Begum Hazrat Mahal, also called Begum of Awadh, was the second wife of Nawab Wajid Ali Shah. Wajid Ali Shah met her in his palace. She revolted against the British East India Company during the Indian Rebellion of 1857.
She found refuge in Nepal onto Hallaur where she died in 1879. After her husband had been exiled to Calcutta, she took charge of the affairs in the state of Awadh and took control of Lucknow. She made her son, Prince Birjis Qadr, the Wali (ruler) of Awadh. But she was forced to leave this role after a short reign.
Mahal’s name was Muhammadi Khanum. She was born in 1820 in Faizabad, Awadh, India. She was a courtesan by profession. After being sold by her parents, she had been taken into the royal harem as a khawasin (attendant). Later promoted to a pari, and was known as Mahak Pari.
She became a begum after being accepted as a royal concubine of the King of Awadh. After the birth of their son Birjis Qadra, the title ‘Hazrat Mahal’ was given to her.
She was a junior wife of the last Tajdaar-e-Awadh, Wajid Ali Shah. The British had annexed Awadh in 1856 and Wajid Ali Shah was exiled to Calcutta.
After her husband was exiled to Calcutta, she took charge of the affairs of the state of Awadh despite her divorce from the Nawab, which then was a large part of the current state of Uttar Pradesh, India.
Indian Rebellion of 1857
During the Indian Rebellion of 1857, from 1857 to 1858, Begum Hazrat Mahal’s group of supporters, led by Raja Jalal Singh, revolted against the forces of the British. Later, they seized control of Lucknow and she declared her son, Birjis Qadr, as the ruler (Wali) of Awadh.
One of the principal complaints of Begum Hazrat Mahal was that the East India Company had casually destroyed Temples and mosques just to make way for roads.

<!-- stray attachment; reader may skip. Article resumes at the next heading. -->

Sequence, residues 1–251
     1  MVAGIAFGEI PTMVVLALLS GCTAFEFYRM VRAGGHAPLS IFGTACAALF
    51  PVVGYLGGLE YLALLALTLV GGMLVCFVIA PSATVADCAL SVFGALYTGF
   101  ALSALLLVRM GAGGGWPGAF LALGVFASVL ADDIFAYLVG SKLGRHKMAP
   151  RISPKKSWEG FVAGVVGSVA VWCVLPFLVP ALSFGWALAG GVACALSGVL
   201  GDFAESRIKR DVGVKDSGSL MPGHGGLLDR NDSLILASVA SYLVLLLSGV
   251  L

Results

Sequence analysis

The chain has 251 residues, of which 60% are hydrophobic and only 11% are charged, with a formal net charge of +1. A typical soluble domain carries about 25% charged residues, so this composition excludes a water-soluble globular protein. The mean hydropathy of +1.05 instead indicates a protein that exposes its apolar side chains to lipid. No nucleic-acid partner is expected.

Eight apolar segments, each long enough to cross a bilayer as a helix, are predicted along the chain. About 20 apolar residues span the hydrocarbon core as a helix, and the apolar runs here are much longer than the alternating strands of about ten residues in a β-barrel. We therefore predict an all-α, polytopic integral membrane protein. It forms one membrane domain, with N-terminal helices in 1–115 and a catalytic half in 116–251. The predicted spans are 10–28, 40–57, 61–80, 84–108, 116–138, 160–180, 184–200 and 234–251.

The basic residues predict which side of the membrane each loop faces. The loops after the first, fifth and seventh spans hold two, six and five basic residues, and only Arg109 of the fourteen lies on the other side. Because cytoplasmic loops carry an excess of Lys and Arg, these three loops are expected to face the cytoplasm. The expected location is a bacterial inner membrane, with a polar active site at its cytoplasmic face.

In an announcement issued during the final days of the revolt, she mocked the British claim to allow freedom of worship:
To eat pigs and drink wine, to bite greased cartridges and to mix pig’s fat with sweetmeats, to destroy Hindu and Mussalman temples on the pretense of making roads, to build churches, to send clergymen into the streets to preach the Christian religion, to institute English schools, and pay people a monthly stipend for learning the English sciences, while the places of worship of Hindus and Mussalmans are to this day entirely neglected; with all this, how can people believe that religion will not be interfered with?
When the forces under the control of the British re-captured Lucknow and most of Oudh, she was forced to leave. Hazrat Mahal worked in association with Nana Saheb, but later joined the Maulavi of Faizabad in the attack on Shahjahanpur.
Ultimately, she had to retreat to Nepal, where she was initially refused shelter by the Rana prime minister Jang Bahadur but was later allowed to stay.
She died there in 1879 and was buried in an unknown grave on the grounds of Kathmandu’s Jama Masjid. After her death, at the time of the jubilee of Queen Victoria (1887), the British Government pardoned Birjis Qadr and he was allowed to return home.
Begum Hazrat Mahal’s tomb is found in the central part of Kathmandu near Jama Masjid, Ghantaghar, not far away from the famous Darbar Marg. It is looked after by the Jama Masjid Central Committee.
On 15 August 1962, Mahal was honored at the Old Victoria Park in Hazratganj, Lucknow for her role in the Great Revolt. Along with the renaming of the park, a marble memorial was constructed, which includes a marble tablet with four round brass plaques bearing the Coat of Arms of the Awadh royal family. The park has been used for Ramlilas and bonfires during Dusshera, as well as Lucknow Mahotsava (Lucknow Exposition).
On 10 May 1984, the Government of India issued a commemorative stamp in honor of Mahal. The first-day cover was designed by C.R. Pakrashi, and the cancellation was done by Alka Sharma. 15,00,000 stamps were issued.
The Ministry of Minority Affairs, Government of India has started the Begum Hazrat Mahal National Scholarship for Meritorious Girls belonging to minority communities in India. This scholarship is implemented through the Maulana Azad Education Foundation.
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